That led to a drastic decline in balances. From the last quarter of 2019 to the first quarter of 2021, credit card debt declined from $930 billion to $770 billion, a 17% decrease.

Along with lowering their overall credit card debt, Americans also got better at paying their full monthly bill on time during the crisis.

Two years into the pandemic, the percentage of U.S. credit card balances that were seriously delinquent — or more than 90 days late — fell to 3% compared to 5% before COVID-19.

Now that percentage is starting to creep up again and stands at more than 4%.

Seriously delinquent payments can substantially lower a person’s credit score because credit card companies are required to report missed payments to credit bureaus. Typically, the lower your score is, the harder and more expensive it becomes to get access to new lines of credit, like a mortgage or another credit card.

Currently, serious delinquencies are highest for Americans ages 18 to 29 at 7.6%. That’s followed by 30 to 39-year-olds at 5.7%.

New York Fed researchers said it’s “particularly concerning” that younger borrowers have the highest rates of credit card delinquencies. That’s because they’re more likely to have student loan debt in addition to mortgage obligations.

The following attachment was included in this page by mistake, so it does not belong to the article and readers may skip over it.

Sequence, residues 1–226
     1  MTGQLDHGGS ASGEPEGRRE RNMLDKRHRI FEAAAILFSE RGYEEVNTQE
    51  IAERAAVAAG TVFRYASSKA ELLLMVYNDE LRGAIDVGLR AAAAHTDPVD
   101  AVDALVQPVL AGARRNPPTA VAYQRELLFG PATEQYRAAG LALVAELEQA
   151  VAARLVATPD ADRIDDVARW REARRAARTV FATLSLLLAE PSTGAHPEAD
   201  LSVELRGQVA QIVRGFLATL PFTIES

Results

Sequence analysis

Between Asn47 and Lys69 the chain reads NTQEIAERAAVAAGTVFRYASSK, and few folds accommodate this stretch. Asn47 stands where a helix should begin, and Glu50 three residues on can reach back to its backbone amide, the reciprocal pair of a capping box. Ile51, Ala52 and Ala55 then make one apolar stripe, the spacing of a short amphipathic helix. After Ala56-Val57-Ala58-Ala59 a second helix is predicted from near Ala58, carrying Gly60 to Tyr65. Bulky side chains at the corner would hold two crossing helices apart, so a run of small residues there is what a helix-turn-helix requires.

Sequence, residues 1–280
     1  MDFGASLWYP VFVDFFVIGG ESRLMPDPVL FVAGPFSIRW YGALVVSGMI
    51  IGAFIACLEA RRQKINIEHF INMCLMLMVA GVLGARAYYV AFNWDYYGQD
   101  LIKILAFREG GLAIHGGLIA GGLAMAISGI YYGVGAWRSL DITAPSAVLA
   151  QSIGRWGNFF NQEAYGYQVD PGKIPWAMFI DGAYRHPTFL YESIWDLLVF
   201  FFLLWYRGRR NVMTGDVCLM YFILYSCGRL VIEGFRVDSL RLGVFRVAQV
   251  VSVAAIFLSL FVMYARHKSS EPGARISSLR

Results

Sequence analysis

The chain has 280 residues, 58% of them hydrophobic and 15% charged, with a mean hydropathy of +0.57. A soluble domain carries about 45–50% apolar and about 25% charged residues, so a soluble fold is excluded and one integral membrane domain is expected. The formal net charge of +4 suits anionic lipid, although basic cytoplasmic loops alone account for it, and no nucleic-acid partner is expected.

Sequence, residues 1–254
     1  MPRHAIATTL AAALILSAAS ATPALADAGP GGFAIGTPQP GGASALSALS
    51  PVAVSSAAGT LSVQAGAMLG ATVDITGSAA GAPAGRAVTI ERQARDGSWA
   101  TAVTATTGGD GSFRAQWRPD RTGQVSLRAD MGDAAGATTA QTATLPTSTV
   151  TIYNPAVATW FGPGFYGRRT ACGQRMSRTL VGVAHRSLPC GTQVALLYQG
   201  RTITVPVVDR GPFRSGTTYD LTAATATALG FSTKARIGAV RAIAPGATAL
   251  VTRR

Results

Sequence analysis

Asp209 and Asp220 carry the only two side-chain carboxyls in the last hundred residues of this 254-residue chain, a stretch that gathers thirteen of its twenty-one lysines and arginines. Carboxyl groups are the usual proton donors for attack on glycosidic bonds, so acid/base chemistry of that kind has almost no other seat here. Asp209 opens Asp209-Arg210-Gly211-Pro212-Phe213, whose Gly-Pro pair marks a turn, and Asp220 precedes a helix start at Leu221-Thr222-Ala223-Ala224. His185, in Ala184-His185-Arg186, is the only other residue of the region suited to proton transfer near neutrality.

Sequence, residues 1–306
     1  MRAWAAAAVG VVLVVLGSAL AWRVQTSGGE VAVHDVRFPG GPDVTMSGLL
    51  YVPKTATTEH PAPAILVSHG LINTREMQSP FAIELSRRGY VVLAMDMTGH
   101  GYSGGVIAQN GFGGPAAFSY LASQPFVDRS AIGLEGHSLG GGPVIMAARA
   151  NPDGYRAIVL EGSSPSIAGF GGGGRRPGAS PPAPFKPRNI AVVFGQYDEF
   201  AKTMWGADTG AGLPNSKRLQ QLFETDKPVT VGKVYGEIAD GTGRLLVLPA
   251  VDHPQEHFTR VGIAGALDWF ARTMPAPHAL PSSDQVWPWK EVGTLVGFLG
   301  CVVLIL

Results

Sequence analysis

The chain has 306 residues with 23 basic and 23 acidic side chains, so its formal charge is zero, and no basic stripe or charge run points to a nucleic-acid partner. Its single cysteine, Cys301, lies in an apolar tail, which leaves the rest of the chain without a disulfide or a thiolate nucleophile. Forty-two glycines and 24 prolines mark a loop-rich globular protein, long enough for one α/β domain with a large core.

The pause on student loan payments, which has been in effect for nearly three years as part of emergency pandemic relief measures, is set to be lifted in two months. That will add to many Americans’ debt obligations and potentially drive those delinquency rates even higher, the researchers said in a blog post.

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Increases in credit card debt historically weigh more on low- and middle-income households who are more likely to carry a balance from month to month, according to Federal Reserve data. And while Black and Hispanic families are less likely to own a credit card than white and Asian households, they are much more likely to carry a balance and are denied other forms of credit across all income levels more often, according to the Fed. .

Credit scores improved

Because Americans were paying off debts and making more on-time payments to lenders, credit scores improved during the pandemic. The average FICO credit score rose from 703 to 714, according to Experian data.

Keishanda Dunlap’s score began to rise when she received enhanced unemployment benefits during the health crisis.

Dunlap, 35, who was working as a licensed life insurance policy salesperson before the pandemic, wasn’t able to travel to meet clients and saw a massive drop in her income and was eventually laid off in 2020. But the enhanced unemployment benefits, which gave recipients an extra $600 a week, helped her stay afloat.

While unemployed she decided she wanted to boost her credit score of 620, which the industry considers “fair,” in order to increase her lines of credit.